Aircraft Cleaners clean the interior and exterior of private and commercial aircraft. They may also perform inspections as required by the Federal Aviation Administration. These workers are responsible for cleaning the passenger cabin, crew and cockpit areas of an aircraft. Aircraft Cleaners also clean the cargo hold of planes. They may need to document their work, read training manuals and report any unusual findings. Their work duties include using and mixing cleaning products, handling potentially hazardous waste, maintaining supply inventories, using cleaning machines, performing light, medium, and heavy-duty cleaning by hand and with the use of tools, and applying polishes and disinfectants to restore the condition of an aircraft between flights. Related occupations include Flight Attendant, Guest Services Specialist and housekeeper.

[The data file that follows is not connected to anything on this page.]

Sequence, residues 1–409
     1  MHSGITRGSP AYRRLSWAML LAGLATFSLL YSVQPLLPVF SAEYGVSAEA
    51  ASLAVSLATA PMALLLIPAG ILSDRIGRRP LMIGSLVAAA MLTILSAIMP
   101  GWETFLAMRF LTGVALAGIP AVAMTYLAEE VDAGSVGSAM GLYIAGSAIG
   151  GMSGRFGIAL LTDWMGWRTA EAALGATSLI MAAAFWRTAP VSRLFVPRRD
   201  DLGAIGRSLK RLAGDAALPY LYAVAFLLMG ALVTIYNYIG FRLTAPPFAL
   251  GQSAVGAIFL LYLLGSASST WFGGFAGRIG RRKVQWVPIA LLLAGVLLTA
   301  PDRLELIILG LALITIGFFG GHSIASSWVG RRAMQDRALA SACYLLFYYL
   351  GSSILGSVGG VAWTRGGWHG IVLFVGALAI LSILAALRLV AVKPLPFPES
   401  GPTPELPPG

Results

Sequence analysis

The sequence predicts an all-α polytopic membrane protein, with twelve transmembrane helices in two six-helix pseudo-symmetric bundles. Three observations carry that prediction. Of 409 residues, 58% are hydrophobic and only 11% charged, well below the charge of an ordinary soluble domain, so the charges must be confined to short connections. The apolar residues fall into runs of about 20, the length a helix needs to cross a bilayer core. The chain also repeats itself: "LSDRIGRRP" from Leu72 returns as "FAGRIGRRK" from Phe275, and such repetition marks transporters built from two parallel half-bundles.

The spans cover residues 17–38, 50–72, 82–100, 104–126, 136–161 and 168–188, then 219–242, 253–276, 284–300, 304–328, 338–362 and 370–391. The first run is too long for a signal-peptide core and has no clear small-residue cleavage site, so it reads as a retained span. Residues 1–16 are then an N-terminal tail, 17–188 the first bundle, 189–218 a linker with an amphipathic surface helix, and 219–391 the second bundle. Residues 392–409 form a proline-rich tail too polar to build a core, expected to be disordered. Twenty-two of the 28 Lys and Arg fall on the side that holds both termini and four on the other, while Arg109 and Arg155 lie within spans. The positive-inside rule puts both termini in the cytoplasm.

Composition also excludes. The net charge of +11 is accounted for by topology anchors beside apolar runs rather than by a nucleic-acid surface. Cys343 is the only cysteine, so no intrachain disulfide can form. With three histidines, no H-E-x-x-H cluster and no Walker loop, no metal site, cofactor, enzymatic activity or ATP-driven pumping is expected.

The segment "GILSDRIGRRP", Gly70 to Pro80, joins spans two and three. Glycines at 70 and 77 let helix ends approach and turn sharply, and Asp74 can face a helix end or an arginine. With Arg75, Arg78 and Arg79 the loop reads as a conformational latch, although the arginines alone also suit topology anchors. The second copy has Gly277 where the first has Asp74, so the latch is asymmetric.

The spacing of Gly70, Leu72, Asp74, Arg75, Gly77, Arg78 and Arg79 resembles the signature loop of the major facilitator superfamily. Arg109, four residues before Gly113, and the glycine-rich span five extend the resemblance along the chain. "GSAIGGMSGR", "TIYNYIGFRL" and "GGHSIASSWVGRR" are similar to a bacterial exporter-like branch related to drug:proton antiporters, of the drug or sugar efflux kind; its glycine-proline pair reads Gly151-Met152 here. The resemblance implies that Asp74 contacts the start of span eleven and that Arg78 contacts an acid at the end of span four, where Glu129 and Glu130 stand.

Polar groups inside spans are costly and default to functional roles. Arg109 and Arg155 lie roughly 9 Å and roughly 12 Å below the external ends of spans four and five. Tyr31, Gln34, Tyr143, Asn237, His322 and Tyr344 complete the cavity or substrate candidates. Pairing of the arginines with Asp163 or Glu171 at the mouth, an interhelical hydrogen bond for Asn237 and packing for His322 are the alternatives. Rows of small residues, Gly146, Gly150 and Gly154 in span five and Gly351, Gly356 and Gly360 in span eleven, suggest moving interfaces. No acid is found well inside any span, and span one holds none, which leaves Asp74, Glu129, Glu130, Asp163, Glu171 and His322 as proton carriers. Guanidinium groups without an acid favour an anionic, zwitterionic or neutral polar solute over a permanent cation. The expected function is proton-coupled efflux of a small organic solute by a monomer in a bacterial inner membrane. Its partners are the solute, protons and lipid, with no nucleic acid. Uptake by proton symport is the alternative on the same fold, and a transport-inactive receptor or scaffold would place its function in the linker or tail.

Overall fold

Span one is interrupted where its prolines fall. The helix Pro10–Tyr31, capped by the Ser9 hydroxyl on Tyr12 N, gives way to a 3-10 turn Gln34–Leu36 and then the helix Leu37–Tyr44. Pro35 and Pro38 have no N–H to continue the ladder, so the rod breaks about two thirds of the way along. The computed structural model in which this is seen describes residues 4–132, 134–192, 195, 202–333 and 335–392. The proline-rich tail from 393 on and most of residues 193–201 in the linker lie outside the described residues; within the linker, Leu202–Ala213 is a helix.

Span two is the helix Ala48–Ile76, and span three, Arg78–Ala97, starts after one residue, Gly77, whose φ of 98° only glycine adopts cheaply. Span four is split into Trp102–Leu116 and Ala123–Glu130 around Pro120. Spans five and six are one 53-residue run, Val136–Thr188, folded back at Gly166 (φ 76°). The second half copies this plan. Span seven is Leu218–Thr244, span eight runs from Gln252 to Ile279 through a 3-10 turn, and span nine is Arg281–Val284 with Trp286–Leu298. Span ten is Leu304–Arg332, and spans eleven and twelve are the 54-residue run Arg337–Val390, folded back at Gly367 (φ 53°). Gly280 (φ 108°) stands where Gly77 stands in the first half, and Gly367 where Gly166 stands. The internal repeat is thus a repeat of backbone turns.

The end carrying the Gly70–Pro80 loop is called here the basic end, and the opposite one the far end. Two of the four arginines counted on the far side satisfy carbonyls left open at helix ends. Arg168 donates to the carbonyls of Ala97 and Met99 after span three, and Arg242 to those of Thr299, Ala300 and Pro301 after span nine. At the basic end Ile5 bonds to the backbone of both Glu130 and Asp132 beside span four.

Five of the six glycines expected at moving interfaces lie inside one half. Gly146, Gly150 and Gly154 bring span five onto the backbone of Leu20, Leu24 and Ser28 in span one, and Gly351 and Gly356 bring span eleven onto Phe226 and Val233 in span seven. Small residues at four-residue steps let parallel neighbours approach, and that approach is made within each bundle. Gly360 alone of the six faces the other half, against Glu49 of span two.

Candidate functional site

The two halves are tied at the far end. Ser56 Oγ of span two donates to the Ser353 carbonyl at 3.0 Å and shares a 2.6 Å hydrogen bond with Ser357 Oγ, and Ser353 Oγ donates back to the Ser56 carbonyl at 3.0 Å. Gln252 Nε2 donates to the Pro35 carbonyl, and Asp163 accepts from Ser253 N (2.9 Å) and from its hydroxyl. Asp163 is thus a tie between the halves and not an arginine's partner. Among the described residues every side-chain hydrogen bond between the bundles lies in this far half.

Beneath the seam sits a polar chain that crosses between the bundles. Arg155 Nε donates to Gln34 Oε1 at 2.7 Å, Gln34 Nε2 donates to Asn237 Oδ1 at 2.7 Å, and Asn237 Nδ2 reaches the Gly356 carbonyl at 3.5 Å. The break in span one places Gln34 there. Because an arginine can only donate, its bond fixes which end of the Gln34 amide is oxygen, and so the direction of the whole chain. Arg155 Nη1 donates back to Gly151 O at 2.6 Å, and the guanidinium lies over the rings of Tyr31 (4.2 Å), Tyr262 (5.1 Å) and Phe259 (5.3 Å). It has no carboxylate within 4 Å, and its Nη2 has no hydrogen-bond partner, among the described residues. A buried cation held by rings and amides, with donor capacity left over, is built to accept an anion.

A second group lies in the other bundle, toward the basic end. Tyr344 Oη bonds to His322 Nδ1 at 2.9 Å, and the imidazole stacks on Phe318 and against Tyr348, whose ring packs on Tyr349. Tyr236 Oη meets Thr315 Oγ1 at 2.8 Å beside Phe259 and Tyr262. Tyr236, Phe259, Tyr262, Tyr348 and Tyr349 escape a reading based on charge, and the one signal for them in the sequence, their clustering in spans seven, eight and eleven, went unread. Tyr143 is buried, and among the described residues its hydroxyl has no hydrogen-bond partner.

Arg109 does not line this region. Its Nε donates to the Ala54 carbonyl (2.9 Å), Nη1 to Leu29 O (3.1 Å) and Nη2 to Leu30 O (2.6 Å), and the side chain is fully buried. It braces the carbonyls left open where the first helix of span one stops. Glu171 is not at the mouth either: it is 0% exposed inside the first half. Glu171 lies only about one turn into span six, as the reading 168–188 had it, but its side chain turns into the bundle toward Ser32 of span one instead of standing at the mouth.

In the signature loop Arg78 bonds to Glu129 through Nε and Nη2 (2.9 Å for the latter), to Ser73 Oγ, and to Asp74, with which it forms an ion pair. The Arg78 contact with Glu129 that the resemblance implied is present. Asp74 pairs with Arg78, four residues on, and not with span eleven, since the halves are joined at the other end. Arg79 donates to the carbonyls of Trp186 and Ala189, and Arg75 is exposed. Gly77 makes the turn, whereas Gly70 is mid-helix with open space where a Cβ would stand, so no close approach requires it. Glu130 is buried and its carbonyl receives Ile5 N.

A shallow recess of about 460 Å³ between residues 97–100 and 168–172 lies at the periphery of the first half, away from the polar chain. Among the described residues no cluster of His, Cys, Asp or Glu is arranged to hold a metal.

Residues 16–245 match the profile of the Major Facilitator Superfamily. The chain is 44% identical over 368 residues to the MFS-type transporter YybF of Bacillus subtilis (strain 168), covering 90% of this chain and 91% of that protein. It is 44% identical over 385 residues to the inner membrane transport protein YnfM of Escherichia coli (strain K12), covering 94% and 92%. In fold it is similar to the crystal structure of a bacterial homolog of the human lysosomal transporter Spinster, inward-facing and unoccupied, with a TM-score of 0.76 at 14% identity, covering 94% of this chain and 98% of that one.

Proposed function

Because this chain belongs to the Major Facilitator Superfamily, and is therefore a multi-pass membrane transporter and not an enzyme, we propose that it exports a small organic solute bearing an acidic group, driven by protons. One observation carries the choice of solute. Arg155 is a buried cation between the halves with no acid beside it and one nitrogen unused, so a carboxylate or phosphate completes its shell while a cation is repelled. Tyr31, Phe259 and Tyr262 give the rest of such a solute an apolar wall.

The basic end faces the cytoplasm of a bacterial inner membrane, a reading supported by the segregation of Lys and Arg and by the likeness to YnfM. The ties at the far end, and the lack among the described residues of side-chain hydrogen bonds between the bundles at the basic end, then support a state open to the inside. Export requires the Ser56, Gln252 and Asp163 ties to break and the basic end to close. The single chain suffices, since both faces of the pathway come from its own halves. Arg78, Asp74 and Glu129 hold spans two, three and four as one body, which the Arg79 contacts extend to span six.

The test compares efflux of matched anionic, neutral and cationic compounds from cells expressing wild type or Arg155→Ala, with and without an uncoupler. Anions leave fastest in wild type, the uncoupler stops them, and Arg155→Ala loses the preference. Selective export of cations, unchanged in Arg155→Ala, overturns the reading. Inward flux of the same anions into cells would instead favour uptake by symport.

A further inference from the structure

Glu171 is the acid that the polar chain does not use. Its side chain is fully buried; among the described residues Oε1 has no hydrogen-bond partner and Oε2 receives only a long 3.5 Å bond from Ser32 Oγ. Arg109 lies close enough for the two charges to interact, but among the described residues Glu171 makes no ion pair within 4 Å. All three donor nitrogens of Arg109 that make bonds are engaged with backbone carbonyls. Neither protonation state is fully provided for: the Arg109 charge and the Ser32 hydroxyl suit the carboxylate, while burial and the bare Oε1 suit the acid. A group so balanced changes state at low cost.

Aircraft Cleaning Jobs Education Requirements
Most airlines hire individuals who have a high school diploma or equivalent, providing on-the-job training for basic procedures and safety measures. Some airlines may hire those who do not have a high school diploma. Employers provide basic on-the-job training for Aircraft Cleaners. They will need to pass security checks in order to gain access to the aircraft.
Aircraft Cleaning Jobs Job Market
According to recent statistics, the job market for aircraft cleaning technicians is expected to show little to no change between 2012 and 2022. As airlines consolidate flights to increase profit margins, the job market for aircraft cleaners will continue to be competitive.
Aircraft Cleaner Job Salary
Studies show that the average mean annual wage for Aircraft Cleaners is $19,800. Those who are members of a union or employed in the private sector may enjoy higher annual wages than those employed in the public sector. Most aircraft cleaners work full-time hours and may be exposed to harsh working conditions such as extreme cold, extreme heat and precipitation.